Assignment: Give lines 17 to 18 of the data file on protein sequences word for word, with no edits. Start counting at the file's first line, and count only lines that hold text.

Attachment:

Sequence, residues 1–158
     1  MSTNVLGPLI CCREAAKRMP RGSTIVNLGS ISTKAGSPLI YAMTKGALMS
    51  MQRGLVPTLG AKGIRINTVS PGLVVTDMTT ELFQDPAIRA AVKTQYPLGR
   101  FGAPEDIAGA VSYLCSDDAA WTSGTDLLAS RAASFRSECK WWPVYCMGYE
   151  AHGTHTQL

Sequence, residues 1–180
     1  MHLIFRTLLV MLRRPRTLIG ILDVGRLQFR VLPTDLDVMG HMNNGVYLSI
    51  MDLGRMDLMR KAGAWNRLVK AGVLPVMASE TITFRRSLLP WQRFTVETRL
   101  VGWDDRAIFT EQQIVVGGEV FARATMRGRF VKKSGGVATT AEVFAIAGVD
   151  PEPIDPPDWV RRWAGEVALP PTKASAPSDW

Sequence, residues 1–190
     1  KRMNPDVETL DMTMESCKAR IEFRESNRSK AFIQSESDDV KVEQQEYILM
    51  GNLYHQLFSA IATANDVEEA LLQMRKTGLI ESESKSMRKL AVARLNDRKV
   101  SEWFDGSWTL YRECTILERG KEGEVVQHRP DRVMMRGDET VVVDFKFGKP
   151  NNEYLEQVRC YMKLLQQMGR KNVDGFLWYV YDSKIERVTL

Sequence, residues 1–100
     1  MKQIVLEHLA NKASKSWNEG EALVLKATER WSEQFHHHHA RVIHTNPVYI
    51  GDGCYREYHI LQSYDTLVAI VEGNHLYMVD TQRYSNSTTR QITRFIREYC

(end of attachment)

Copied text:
     1  MKQIVLEHLA NKASKSWNEG EALVLKATER WSEQFHHHHA RVIHTNPVYI
    51  GDGCYREYHI LQSYDTLVAI VEGNHLYMVD TQRYSNSTTR QITRFIREYC